NMMA will testify on E15 before California regulators

Author:
Updated:
Original:

John McKnight, director of environmental and safety compliance for the National Marine Manufacturers Association, and NMMA member Mark Riechers, director of regulatory development at Mercury Marine, are scheduled to testify Thursday and Friday at the California Air Resources Board in Sacramento.

Their testimony will highlight the problems associated with E15, as recently revealed in Department of Energy reports that were released in October, the NMMA said.

Testing showed damaging effects that E15 has on marine engines and noted that more testing is needed to further identify how E15 will affect engines and fuel systems under various conditions.

An additional concern is the possibility of a mandate for E10 fuel certification specification. Other biofuels are in development and could be available soon, which would make the mandate an unnecessary step, according to the association.

Related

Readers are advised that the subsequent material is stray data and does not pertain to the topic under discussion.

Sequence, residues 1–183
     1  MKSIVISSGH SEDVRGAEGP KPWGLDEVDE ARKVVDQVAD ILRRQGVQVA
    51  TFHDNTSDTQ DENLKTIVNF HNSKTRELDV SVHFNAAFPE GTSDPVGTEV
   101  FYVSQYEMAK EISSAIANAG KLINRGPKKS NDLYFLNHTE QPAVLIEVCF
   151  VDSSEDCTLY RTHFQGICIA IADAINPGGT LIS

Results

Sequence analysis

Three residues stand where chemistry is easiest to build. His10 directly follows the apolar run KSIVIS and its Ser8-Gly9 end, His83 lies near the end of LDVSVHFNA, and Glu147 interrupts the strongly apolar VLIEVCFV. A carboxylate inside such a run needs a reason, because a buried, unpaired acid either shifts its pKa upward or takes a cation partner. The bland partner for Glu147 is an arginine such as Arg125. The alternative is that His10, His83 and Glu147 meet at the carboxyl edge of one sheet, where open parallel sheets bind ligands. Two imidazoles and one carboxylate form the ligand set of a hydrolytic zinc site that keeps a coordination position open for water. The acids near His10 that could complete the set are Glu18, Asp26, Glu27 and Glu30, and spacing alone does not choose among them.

Quick Hits: March 3, 2021

RBFF’s Take Me Fishing campaign offers embeddable fishing and boating map

MAN Achieves Emissions Certifications

The engine manufacturer, which also announced an extension of its supply partnership with the Ferretti Group, now meets major emissions standards worldwide.

In-Person Palm Beach Show Approved

The city of West Palm Beach OK’d the permit for the four-day show, which opens March 25 with a host of safety precautions.

Distributor Expands ePropulsion Sales Territory

Mack Boring will now offer ePropulsion’s electric outboards in the entire North American and Central American markets.

Registration Still Open for NMMA Webinar

The March 4 State of the Industry webinar includes the presentation of the Marine Industry Customer Satisfaction Index Awards and the Alan J. Freedman Award.

Rollick Secures $8.5 million in Funding

The market strategists said Web traffic in the third quarter of 2020 was up 245 percent on a year-over-year basis.

Time to Cry Foul Over Erie Canal Changes

An act has been introduced in the waning days of New York’s annual budget process that allows no opportunity for public input.